\[ s_{0} = 2^{48} \cdot h_3 + 2^{32} \cdot h_2 + 2^{16} \cdot h_1 + h_0 \text{ | degree} = 1 \]\[ s_{1}' = 2^{16} \cdot h_1 + h_0 \text{ | degree} = 1 \]\[ s_{0}' = 2^{16} \cdot h_3 + h_2 \text{ | degree} = 1 \]

In addition to the above constraints, we also need to verify that values in \(h_0, ..., h_3\) are smaller than \(2^{16}\), which we can do using 16-bit range checks as described previously. Also, we need to make sure that values in \(h_0, ..., h_3\), when combined, form a valid field element, which we can do by putting a nondeterministic value \(m\) into helper register \(h_4\) and using the technique described here.

The effect of this operation on the rest of the stack is:

**Right shift**starting from position \(1\).

`U32ASSERT2`

¶

Assume \(a\) and \(b\) are the elements at the top of the stack. The `U32ASSERT2`

verifies that both \(a\) and \(b\) are smaller than \(2^{32}\). The diagram below illustrates this graphically.

To facilitate this operation, the prover sets values in \(h_0\) and \(h_1\) to low and high 16-bit limbs of \(a\), and values in \(h_2\) and \(h_3\) to to low and high 16-bit limbs of \(b\). Thus, stack transition for this operation must satisfy the following constraints:

\[ s_0' = 2^{16} \cdot h_3 + h_2 \text{ | degree} = 1 \]\[ s_1' = 2^{16} \cdot h_1 + h_0 \text{ | degree} = 1 \]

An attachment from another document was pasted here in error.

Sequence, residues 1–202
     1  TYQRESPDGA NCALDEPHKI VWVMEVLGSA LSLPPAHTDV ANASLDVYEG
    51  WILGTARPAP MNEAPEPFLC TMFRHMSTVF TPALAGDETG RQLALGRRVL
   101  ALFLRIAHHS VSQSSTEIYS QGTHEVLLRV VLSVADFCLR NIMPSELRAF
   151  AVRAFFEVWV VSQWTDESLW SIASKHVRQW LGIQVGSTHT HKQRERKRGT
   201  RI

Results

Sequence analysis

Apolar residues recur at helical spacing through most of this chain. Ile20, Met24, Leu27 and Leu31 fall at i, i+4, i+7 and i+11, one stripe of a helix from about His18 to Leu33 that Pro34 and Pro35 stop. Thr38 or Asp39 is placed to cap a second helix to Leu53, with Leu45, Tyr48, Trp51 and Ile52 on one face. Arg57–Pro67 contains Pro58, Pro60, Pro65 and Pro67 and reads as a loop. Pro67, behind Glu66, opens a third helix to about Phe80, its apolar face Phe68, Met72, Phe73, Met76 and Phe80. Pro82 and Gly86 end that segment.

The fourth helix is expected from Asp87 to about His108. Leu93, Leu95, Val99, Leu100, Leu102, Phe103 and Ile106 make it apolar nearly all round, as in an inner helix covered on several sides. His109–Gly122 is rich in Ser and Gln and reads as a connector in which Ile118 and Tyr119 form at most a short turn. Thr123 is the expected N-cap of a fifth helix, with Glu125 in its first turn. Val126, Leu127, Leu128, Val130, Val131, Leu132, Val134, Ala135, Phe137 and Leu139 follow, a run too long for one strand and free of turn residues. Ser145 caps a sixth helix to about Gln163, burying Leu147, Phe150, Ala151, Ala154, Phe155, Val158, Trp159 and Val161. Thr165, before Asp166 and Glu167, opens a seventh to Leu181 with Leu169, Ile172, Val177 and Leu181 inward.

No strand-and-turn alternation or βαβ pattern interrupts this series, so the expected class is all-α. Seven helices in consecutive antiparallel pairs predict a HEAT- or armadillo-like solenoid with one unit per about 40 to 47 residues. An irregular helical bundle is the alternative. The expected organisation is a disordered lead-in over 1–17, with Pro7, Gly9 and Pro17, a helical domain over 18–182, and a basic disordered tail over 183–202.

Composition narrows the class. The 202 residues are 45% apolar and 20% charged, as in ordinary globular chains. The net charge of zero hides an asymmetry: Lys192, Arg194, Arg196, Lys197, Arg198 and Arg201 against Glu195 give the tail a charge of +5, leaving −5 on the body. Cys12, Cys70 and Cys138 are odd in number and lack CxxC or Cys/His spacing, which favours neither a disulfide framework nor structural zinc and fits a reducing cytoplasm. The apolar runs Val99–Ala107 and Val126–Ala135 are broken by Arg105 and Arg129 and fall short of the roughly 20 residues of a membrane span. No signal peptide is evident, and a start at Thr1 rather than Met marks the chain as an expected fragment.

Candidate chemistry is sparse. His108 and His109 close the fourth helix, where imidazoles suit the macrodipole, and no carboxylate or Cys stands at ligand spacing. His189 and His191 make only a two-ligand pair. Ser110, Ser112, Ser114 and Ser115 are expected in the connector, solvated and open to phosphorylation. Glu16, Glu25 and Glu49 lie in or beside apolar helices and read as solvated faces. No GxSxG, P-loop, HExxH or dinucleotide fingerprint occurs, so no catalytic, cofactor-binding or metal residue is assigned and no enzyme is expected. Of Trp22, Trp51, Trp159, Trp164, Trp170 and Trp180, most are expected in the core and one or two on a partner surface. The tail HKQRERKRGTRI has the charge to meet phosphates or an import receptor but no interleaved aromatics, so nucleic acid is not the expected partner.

In addition to the above constraints, we also need to verify that values in \(h_0, ..., h_3\) are smaller than \(2^{16}\), which we can do using 16-bit range checks as described previously.

The effect of this operation on the rest of the stack is:

**No change**starting from position \(0\) - i.e., the state of the stack does not change.

`U32ADD`

¶

Assume \(a\) and \(b\) are the values at the top of the stack which are known to be smaller than \(2^{32}\). The `U32ADD`

operation computes \((c,d) \leftarrow a + b\), where \(c\) contains the low 32-bits of the result, and \(d\) is the carry bit. The diagram below illustrates this graphically.

To facilitate this operation, the prover sets values in \(h_0\), \(h_1\), and \(h_2\) to 16-bit limbs of \(a+b\) with \(h_0\) being the least significant limb. Value in \(h_3\) is set to \(0\). Thus, stack transition for this operation must satisfy the following constraints:

\[ s_0 + s_1 = 2^{32} \cdot h_2 + 2^{16} \cdot h_1 + h_0 \text{ | degree} = 1 \]\[ s_0' = h_2 \text{ | degree} = 1 \]\[ s_1' = 2^{16} \cdot h_1 + h_0 \text{ | degree} = 1 \]

In addition to the above constraints, we also need to verify that values in \(h_0, ..., h_3\) are smaller than \(2^{16}\), which we can do using 16-bit range checks as described previously.

The effect of this operation on the rest of the stack is:

**No change**starting from position \(2\).

`U32ADD3`

¶

Assume \(a\), \(b\), \(c\) are the values at the top of the stack which are known to be smaller than \(2^{32}\). The `U32ADD3`

operation computes \((d, e) \leftarrow a + b + c\), where \(c\) and \(d\) contains the low and the high 32-bits of the result respectively. The diagram below illustrates this graphically.

To facilitate this operation, the prover sets values in \(h_0\), \(h_1\), and \(h_2\) to 16-bit limbs of \(a+b+c\) with \(h_0\) being the least significant limb. Value in \(h_3\) is set to \(0\). Thus, stack transition for this operation must satisfy the following constraints:

\[ s_0 + s_1 + s_2 = 2^{32} \cdot h_2 + 2^{16} \cdot h_1 + h_0 \text{ | degree} = 1 \]\[ s_0' = h_2 \text{ | degree} = 1 \]\[ s_1' = 2^{16} \cdot h_1 + h_0 \text{ | degree} = 1 \]